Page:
In 1864 the American Civil War was still raging. The capital of the Confederacy, Richmond, Virginia, was still tantalizingly close to Union forces, but as of yet out of reach. There on an island in the James River was Belle Isle, a holding pen for Union prisoners. Like most Civil War prisons, it was not a fun place complete with disease and overcrowding. Since prisoner exchanges had been called off in June of 1863, the number of prisoners at Belle Isle grew to staggering proportions. There were thoughts that a raid on Belle Isle could not only free Union soldiers from abominable conditions and death by disease, but free up fresh troops for a raid on Richmond. This was the brainchild of Major General Benjamin F. Butler, but the Confederates got wind of the attack and his force was turned back before reaching their goal.

Against this back drop, enter a report in the New York Tribune that reporter Charles Dunham had exposed a plot to assassinate President Lincoln by the evil Confederate Colonel George Margrave. The fact that George Margrave was entirely fictitious as was besides the point. It made good copy. Naturally, this report was greeted with concern at the highest levels of government. Put these two things together in the mind of ambitious Brigadier General Hugh Judson Kilpatrick, and you get the Kilpatrick-Dahlgren raid on Richmond.

Brigadier General Hugh Judson Kilpatrick was dubbed a “boy general”, and his men had little to no respect for the reckless commander. He was not shy about committing soldiers’ lives to obtaining his goals usually through frontal assaults, which were regarded by other officers as “for no good purpose whatsoever”. So much though that he earned the nickname “Kill Cavalry”. Called a “danged fool” by Major General William Sherman, Kilpatrick was still in command and put out word that he believed a raid on Richmond led by him would succeed. Word was passed along and possibly with the help of a Republican Senator, Kilpatrick was invited to a private meeting with the president. Lincoln must have liked the idea, so Kilpatrick was shunted to Secretary of War Edwin Stanton to work out the details. Ostensibly, the objectives of the raid were threefold: sever Confederate lines of communication with their capital, free the Union prisoners at Belle Isle and get word of Lincoln’s recent amnesty proposal behind enemy lines.

Kilpatrick got command of 4,000 men and enlisted the help of Colonel Ulric Dahlgren. Dahlgren was the son of a prominent rear admiral, and had just returned to active duty after losing a leg at Gettysburg. Kilpatrick would attack from the north and Dahlgren would come at it from the southwest. As a diversion, Brigadier General George Custer would attack the Confederate left. However, Dahlgren was not just part of a pincer movement on Richmond. He had been given secret orders and an address to visit which Kilpatrick marked with “approved” in red ink then signed. Unfortunately, the raid was a flop as Kilpatrick failed to stop an approaching train from warning the city. Dahlgren did not make it to that address or even Richmond. He was killed near King and Queen County Courthouse on March 2, 1864. His body was found by a 13 year old boy, William Littlepage, who rifled through his pockets looking for valuables. What he found was a packet of documents, which he turned over to his teacher Edward Halbach. Halbach read the documents with disbelief.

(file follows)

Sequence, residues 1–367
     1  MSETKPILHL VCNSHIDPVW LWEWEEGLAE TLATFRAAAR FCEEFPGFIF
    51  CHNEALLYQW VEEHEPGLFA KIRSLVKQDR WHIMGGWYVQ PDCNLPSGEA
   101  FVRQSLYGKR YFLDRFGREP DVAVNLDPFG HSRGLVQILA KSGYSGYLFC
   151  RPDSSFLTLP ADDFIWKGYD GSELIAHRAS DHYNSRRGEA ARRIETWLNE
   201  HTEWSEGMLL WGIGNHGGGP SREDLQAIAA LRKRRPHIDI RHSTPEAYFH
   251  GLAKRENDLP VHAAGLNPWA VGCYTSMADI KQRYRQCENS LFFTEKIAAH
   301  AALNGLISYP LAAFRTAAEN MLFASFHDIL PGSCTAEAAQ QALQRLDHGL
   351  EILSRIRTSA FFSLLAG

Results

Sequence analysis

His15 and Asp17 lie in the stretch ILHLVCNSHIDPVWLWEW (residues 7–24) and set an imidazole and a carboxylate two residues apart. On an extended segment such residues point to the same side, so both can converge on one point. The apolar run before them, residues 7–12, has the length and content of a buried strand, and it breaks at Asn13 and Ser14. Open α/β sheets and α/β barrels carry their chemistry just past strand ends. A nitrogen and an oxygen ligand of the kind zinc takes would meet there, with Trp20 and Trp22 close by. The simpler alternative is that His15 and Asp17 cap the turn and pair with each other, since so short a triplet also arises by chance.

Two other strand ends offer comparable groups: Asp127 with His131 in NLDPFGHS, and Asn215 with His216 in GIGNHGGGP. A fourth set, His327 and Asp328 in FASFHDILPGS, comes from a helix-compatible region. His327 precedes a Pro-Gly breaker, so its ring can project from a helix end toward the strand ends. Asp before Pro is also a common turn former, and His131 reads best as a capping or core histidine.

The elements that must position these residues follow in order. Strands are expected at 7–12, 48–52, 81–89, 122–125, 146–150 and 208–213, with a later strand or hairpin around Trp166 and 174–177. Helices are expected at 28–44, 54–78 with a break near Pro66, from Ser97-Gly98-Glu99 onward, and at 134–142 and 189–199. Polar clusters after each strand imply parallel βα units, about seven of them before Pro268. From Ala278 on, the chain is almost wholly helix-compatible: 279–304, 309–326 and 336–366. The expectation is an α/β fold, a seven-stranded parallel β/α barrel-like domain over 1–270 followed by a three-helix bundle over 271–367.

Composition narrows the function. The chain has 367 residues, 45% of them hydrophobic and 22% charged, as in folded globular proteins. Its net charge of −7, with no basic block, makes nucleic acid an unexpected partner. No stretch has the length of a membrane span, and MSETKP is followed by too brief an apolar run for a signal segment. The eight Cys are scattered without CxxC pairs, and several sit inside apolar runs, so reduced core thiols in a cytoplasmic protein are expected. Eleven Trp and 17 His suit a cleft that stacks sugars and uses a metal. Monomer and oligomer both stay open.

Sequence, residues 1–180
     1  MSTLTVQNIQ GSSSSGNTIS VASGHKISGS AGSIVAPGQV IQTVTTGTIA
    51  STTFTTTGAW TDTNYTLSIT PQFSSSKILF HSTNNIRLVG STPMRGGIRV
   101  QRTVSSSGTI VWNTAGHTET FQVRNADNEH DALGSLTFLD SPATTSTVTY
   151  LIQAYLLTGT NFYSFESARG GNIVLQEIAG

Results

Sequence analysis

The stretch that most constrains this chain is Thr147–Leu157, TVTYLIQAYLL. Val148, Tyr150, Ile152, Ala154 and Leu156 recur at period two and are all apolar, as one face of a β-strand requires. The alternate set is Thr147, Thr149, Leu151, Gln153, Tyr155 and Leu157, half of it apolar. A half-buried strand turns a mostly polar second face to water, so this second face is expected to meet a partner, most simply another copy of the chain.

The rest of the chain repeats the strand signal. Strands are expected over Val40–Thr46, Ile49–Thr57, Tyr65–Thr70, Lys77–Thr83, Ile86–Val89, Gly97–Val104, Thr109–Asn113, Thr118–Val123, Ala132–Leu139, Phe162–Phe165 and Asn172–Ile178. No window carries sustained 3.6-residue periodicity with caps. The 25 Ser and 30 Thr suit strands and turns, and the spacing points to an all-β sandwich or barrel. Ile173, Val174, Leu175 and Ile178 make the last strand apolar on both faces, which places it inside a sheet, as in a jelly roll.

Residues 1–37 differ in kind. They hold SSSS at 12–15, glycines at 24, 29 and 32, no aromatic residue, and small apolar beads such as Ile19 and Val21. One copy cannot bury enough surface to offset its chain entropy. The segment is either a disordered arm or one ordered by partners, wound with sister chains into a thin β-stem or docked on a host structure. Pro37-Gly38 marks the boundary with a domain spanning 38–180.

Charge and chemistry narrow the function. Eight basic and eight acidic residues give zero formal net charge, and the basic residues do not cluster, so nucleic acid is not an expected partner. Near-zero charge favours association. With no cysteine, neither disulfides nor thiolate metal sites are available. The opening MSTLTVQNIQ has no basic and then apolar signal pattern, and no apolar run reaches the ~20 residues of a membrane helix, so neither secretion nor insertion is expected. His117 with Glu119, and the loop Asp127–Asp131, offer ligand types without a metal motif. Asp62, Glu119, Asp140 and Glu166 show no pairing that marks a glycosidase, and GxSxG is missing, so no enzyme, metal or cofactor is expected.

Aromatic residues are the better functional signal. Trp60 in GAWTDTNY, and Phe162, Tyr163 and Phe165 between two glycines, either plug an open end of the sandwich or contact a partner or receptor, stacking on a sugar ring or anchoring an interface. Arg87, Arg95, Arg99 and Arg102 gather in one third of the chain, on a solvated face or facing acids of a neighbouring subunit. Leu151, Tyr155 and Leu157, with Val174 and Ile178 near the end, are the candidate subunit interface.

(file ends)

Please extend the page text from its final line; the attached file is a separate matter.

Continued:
In the orders was outlined the plan to meet up with Kilpatrick’s forces and “destroy and burn the hateful city” of Richmond. A second set of orders were even more explosive as they outlined plans to kill the Confederate president, Jefferson Davis, and the Confederate Cabinet. The exact wording was as follows:

“We will try and secure the bridge to the city, (one mile below Belle Isle,) and release the prisoners at the same time. If we do not succeed they must then dash down, and we will try and carry the bridge from each side. When necessary, the men must be filed through the woods and along the river bank. The bridges once secured, and the prisoners loose and over the river, the bridges will be secured and the city destroyed. The men must keep together and well in hand, and once in the city it must be destroyed and Jeff. Davis and Cabinet killed.”

This went up the chain of Confederate command and was then released to the press on March 5, 1862. People were appalled. Despite the fact that the Civil War was the bloodiest and nastiest war fought up to that point, the thought of assassination was past the pale. It was considered against the rules of war, which had been conducted with honor and as a “gentleman’s affair.” Northerners were skeptical and generally believed the Dahlgren papers were a forgery. Dahlgren’s father declared them completely false as his son would not be involved in such and they hadn’t even bothered to spell his name correctly. However, privately some in the Union hierarchy, such as General George Meade, though they were valid. The Richmond Examiner spoke for all of the south in their indignant rage saying, “The depredations of the last Yankee raiders, and the wantonness of their devastation equal anything heretofore committed during the war.”

It is plausible to believe in light of the accusations by Charles Dunham, Stanton and the others in the Cabinet may have entertained a similar assassination plot against Jefferson Davis. However, it is not known how seriously they took the Dunham accusations. It is also a mystery why they would put such a delicate operation in the hands of a commander who was known to be reckless. Also, there is a question as to why Dahlgren did not destroy the orders after reading them. It was put down to Dahlgren’s inexperience. Again, why would you put such a controversial matter in the hands of an inexperienced commander?